Finally, as explained above, we take with us a small budget, a kind of survival fund, that is intended to cover the rest of the food costs or to invite our host in return for a meal or a drink.
How do we manage to get in contact and stay with locals?
Actually, and contrary to what it first looks like, that is rather easy. The only thing we need to do is to open ourselves to others, talk with strangers and be available for the unexpected. Hitchhiking is then an excellent way to create a first contact with local people and to address any type of subject. Sometimes, spontaneously, we are invited for a coffee or a tea, or even to spend the night in a dry place. In other cases, we just explain the spirit of our trip and our desire to exchange. Most people are delighted to experience such an unexpecting moment of sharing and want to learn more about our adventures, our lives or our original cultures. It even happened that we had to choose between the different invitations. A funny and awkward situation…
How do we manage with the language barrier?
The language barrier may be a real obstacle when embarking on such a trip. However, there is always a multitude of ways to communicate and be understood without speaking the same language. We have written a long article on this subject (in French though), in which we detail some of the tips and techniques we daily use.
What do we bring with us in our backpacks?
With 10-11 kilos, our backpacks contain everything we need to undertake such a journey and stay independent for several days. A tent, a mountain sleeping bag, a mattress, rain clothes, a stove and other camping equipment constitute the biggest and most useful part of it. For the rest, we try to limit the superfluous and the useless: the lightest equipment we take with us is our resourcefulness and ingenuity.
What about lack of comfort?
Since we started to travel this way, we have gradually learned how to be satisfied with the essential and have accepted the requirements of a nomadic life made of simplicity and dematerialization. Comfort is no longer something we look for, even though we greatly appreciate the smallest ounce of convenience. We always prefer the warmth of a beautiful encounter to the ephemeral happiness of a good shower. We have also learned how to cope with the little we have, to get rid of the useless and better take advantage of our environment. Now we do not feel any “lack” or dissatisfaction. On the contrary, we fully enjoy our ability to live soberly and marvel each time we are offered a mere piece of comfort.
What countries do we want to visit? What is our route?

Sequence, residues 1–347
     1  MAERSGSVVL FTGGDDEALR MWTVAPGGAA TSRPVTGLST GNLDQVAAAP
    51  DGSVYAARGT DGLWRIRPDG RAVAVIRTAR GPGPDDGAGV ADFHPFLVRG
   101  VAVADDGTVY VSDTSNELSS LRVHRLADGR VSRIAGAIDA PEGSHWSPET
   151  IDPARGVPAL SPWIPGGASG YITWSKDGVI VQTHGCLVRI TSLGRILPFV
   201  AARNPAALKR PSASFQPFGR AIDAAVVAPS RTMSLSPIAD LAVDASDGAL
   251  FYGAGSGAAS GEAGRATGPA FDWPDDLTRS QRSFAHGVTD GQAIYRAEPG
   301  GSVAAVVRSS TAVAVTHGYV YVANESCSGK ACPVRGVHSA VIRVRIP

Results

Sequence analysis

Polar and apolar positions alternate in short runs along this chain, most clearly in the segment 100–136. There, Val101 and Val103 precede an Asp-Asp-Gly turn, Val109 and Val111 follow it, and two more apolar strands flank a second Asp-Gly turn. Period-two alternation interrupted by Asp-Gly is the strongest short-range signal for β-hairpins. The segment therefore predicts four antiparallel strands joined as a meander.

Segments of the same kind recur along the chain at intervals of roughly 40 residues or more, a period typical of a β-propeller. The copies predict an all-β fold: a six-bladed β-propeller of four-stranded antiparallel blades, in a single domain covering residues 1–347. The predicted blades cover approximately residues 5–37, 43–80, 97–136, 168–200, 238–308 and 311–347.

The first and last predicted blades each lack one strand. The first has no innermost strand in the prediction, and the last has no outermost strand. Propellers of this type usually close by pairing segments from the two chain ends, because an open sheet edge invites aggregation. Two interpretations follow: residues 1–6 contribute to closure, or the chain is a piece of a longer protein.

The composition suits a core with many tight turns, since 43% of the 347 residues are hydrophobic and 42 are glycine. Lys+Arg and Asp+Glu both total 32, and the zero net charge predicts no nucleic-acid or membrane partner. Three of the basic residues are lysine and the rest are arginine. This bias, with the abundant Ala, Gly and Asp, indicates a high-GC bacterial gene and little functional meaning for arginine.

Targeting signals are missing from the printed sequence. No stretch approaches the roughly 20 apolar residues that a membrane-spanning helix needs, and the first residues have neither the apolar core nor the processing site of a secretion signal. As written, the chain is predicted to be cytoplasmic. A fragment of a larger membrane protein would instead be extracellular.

“Visiting" a country is a big word when we actually stay there at most a few weeks. We can at best show on a map the roads and paths we have followed in Europe, Asia and soon, we hope, in South America, with all the great adventures we have lived on the way.
Since we left, we have made the choice of never planning anything, except some very broad lines of the trip. The idea has been to keep ourselves fully available to the unexpected and to any opportunities that might come up along the way. We usually follow the recommendations and advice of locals, as they know more than any travel guide the good places to explore. We are also very keen to experience great moments with the locals, even if it seems at first very risky or too adventurous. In short, we enjoy the way more than the destination.
How long are we planning to live on the roads?
That's a good question.
Why the blog « Be My Trip » ?
Originally, the idea of creating a blog came at the same time as the desire to share with our families and friends the adventures we were living on the road. It has also turned out very useful to keep in touch with locals we have met along the way. Progressively, more people have started to follow our trip and pushed us to invest more time and effort to publish varied content, such as tips and reports on the cultural discoveries we experience or some advice to help them live the same kind of adventures.
We try to keep a certain distance with the blog though as we do not want it to take precedence over our journey itself. Becoming a so-called “digital nomad” is clearly not our goal. Becoming a simple nomad is.
You will then find on this website some articles, videos and photo albums about our adventures. We are naturally very open to all your suggestions to improve it, and we will answer with great pleasure (and probably a bit of late...) to all your messages.
Why the name « Be My Trip » ?
When Chris came up with the idea of the blog, he searched a name that was easily understandable to everyone and naturally opted for the English language. The name should embody the concept of a journey that is defined by locals and people met along the way and should also make sense on a board while hitchhiking. "Be My Trip" was finally chosen after a terrible brainstorming.